A 50% daily stock move is normally cause for celebration on Wall Street, but Snap Inc.’s big rally Friday has also been met with skittishness.
Shares of the Snapchat parent company were soaring in Friday morning trading after Snap
topped expectations for its latest quarter, delivered a surprise GAAP profit, and offered a more upbeat view than Facebook-parent Meta Platforms Inc.
of its ability to weather external challenges. But Snap’s progress notwithstanding, some analysts expressed concern about the wild recent moves in tech shares this week and wondered whether Snap’s positioning was actually all that different from Meta’s.
Snap’s Friday surge comes after a 24% plunge in Thursday’s session, which was fueled by fears that Meta’s frank outlook on risks from Apple Inc.
and TikTok signaled trouble for the broader social-media industry. Meta itself lost more than $230 billion in market value Thursday amid a 26% stock slide of its own.
“Is a 25%+ drop in FB post that guide and conf call really a healthy sign for this equities market and tech sector?” asked Jordan Klein, a Mizuho desk-based analyst who’s associated with the firm’s sales team and not its research arm. “I think not. I was around during the dot-com rally and bust and the FB, SNAP, AMZN, PYPL moves this week remind me of that market over 20 yrs. ago.”
The huge stock swings suggest to him that retail investors are panicking while the market experiences a “major unhealthy impact from ETF, quant, CTA, passive style players and funds that do not think” but rather “just execute like a machine,” according to his note to clients.
Bernstein’s Mark Shmulik noted that big stock moves from Snap and Pinterest Inc.
which also reported results Thursday afternoon, mainly just reversed steep declines from recent days and weeks. (Snap’s shares are still down almost 30% on a three-month basis, versus a 4% slide for the S&P 500
over that span.)
He titled his note to clients: “None of this makes sense. But there’s money to be made on this rollercoaster.”
While Shmulik seemed to acknowledge the market’s volatile swings, he was also pleased by Snap’s results. Investors might have thought coming into this earnings season that Snapchat would be the social-media platform most negatively impacted by TikTok’s sharp rise, but unlike Meta, the company didn’t portray TikTok as a major threat, aside from acknowledging that it’s one of several competitors.
Even as the company faces some pandemic-related challenges, Snap still delivered 20% year-over-year growth in users and saw engagement growth in all three of its markets, Shmulik noted.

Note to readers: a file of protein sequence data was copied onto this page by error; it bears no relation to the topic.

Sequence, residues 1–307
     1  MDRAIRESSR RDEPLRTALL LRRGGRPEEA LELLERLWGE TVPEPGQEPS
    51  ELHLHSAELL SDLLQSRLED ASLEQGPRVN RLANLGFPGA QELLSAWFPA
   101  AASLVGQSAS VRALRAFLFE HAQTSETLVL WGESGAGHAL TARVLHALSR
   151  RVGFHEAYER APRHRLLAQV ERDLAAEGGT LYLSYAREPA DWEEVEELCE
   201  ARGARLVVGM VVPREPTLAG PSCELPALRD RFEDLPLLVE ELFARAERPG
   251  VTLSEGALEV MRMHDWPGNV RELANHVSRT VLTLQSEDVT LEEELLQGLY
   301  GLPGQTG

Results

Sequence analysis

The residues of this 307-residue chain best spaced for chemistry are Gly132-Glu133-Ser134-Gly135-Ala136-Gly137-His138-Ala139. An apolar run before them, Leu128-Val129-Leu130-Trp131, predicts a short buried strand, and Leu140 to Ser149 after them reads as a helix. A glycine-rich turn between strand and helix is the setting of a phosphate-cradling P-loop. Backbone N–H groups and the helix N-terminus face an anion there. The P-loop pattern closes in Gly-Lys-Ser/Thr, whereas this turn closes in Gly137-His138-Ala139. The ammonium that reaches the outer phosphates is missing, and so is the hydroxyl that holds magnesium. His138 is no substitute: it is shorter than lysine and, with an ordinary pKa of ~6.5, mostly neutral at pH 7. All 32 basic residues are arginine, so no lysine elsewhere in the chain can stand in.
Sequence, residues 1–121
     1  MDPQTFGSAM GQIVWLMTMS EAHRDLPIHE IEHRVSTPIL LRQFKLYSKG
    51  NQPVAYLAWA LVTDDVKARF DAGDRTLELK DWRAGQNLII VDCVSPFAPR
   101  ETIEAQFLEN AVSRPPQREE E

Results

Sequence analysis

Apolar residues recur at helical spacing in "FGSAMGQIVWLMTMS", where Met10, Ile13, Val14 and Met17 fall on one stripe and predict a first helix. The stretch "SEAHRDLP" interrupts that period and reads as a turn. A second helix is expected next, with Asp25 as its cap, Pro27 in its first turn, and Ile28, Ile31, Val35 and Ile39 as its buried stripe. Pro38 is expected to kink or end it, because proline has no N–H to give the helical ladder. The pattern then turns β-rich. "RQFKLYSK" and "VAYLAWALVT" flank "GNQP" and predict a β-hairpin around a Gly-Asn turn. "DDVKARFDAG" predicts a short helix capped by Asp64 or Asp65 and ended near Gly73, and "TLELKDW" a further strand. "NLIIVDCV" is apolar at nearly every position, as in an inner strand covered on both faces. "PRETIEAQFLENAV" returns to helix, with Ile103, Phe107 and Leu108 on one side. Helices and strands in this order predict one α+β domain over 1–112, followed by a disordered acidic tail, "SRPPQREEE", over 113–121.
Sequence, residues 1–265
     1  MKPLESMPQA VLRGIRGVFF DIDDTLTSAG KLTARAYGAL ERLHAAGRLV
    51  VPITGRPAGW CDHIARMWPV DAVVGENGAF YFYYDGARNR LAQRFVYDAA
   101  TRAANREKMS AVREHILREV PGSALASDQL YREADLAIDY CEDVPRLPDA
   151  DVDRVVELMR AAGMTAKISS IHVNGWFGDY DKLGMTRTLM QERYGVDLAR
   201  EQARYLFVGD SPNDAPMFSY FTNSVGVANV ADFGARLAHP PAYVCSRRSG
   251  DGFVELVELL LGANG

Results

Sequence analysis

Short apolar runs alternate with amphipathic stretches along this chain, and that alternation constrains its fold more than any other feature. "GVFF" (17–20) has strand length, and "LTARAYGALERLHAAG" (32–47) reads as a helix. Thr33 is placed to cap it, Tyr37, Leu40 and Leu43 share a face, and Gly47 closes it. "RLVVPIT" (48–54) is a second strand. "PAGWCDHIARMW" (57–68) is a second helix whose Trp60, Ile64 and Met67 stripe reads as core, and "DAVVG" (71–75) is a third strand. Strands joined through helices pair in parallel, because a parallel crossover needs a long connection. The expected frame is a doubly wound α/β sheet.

The analyst has an outperform rating on the stock and boosted his price target to $65 from $60 while calling Snap “the cleanest story” among internet names.
Snap painted a rosier picture than Meta in its latest report, but not all were sold on the drastically different story that Snap’s management conveyed. RBC Capital Markets analyst Brad Erickson downgraded the stock to sector perform from outperform, writing that despite the “dramatic” stock move, he still had questions about how Snap is managing ad-targeting challenges brought on by Apple’s privacy changes.
“Management’s commentary makes it unclear if SNAP has made any actual targeting improvements, in our view,” he wrote.
Erickson also wondered if Snap’s content approach would prove successful amid the rise of TikTok. Snapchat highlighted momentum with its Spotlight section that showcases user-submitted short-form video content, similar to what people can find on TikTok, but Erickson questions whether that will be enough in the current competitive landscape.
“With N. America DAUs [daily active users] missing expectations in Q4 and only modestly growing y/y, we do not believe Spotlight is displaying the potential to drive an inflection to U.S. users – particularly given TikTok’s apparent rising momentum,” he wrote.
Snap’s stock also “lacks valuation support,” he continued. Based on its aftermarket indication of $39, the stock was trading at 8.4 times enterprise value to estimated 2023 revenue, according to Erickson, which he viewed as “not cheap” given that “Street estimates appear ambitious based on the aforementioned headwinds.” (Shares recently changed hands near $37.)
Wells Fargo’s Brian Fitzgerald was more upbeat about Snap’s competitive stance.
“Amid strong competition, management acknowledged a reduction in time spent posting/watching Friend Stories, offset by increased consumption of pro/community content in Discover/Spotlight,” he wrote. But with Snap’s “broad range of utility” through features like augmented-reality lenses, messaging, and commerce, he sees the company as “well positioned to compete for user attention.”
Cahall has a buy rating on the stock but cut his target price to $60 from $75.